Page:The house of Cecil.djvu/174

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TURNING now to the Salisbury branch of the family, we are confronted with the enigmatical figure of Sir Robert Cecil, the only son of Lord Burghley by his second wife, Mildred Cooke.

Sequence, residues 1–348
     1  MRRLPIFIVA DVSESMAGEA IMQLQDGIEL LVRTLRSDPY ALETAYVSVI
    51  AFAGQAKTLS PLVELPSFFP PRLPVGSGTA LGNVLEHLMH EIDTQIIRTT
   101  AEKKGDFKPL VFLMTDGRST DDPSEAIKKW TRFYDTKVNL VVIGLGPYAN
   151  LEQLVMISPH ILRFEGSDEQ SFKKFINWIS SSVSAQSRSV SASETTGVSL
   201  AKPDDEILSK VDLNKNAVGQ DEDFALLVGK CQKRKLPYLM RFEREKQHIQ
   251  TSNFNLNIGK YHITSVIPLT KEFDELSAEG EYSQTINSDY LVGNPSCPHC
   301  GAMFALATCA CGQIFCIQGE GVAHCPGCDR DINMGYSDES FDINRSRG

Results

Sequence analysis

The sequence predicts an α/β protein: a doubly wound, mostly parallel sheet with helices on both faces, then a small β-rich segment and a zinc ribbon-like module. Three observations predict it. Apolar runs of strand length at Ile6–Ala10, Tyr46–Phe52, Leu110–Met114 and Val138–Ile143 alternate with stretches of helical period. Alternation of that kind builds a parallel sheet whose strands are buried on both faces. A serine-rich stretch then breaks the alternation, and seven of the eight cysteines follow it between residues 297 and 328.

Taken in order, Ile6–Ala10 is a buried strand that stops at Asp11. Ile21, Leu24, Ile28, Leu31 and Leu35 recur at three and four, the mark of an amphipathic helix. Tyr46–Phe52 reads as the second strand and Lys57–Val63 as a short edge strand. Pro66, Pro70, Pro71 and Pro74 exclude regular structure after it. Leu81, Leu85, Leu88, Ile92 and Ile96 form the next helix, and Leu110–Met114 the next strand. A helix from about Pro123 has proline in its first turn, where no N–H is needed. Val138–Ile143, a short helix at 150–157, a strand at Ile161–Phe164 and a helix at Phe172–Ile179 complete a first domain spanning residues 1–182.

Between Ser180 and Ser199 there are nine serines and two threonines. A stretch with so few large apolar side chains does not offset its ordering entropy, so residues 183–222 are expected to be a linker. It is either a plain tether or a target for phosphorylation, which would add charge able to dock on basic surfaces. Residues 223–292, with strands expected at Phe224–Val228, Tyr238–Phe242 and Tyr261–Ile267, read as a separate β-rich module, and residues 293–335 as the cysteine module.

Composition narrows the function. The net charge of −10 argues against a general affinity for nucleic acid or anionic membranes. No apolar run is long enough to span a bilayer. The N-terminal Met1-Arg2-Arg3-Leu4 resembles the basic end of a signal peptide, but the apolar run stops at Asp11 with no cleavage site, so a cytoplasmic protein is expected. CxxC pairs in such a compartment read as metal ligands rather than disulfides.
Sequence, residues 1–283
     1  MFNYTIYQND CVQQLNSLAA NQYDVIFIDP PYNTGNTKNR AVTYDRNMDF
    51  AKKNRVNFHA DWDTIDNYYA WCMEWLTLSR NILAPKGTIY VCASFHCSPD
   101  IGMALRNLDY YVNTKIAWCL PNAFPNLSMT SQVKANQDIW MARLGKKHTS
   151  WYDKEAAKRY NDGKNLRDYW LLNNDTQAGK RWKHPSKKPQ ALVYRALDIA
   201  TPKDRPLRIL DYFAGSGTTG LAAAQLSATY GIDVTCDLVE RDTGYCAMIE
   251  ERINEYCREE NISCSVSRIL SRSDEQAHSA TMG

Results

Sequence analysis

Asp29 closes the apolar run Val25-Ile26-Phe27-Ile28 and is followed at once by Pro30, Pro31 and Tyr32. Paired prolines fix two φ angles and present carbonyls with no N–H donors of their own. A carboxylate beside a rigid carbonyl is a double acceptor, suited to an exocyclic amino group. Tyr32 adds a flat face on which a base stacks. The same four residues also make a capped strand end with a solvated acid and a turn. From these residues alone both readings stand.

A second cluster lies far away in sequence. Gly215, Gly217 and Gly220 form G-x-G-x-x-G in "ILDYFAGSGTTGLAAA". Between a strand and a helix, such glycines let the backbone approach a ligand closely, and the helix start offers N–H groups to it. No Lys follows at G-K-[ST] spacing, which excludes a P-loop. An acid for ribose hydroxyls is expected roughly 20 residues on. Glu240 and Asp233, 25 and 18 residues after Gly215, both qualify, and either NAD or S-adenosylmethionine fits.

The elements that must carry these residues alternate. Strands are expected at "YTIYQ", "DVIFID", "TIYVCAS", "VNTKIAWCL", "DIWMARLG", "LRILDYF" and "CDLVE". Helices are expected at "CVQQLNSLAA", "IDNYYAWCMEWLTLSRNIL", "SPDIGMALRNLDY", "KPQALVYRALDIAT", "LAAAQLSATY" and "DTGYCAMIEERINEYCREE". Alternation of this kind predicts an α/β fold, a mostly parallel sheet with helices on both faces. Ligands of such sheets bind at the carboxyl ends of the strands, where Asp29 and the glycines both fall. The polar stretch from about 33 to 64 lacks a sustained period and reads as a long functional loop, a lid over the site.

Few great statesmen are so little known, and of few is it more difficult to form a satisfactory judgment. The private life of Lord Burghley lies open for all to read ; the character of Sir Thomas Cecil is simple and presents few problems. But the first Earl of Salisbury hid his real self behind a mask, and even the mass of papers at Hatfield throw only a confused light on his character. They tell us almost nothing of his private life, and perhaps the strongest impression we gain from them is the extraordinary affection shown by his friends to this man whose own reserve is so impenetrable. Yet many of those who knew him best seem always to have dis- trusted him. He was surrounded by enemies and detractors, and subjected to every form of personal vilification ; and much of the mud thrown both during his life and after his death has stuck to him. As Gardiner remarks, it was difficult for his contemporaries " to imagine that the man who succeeded whilst Essex and Raleigh,

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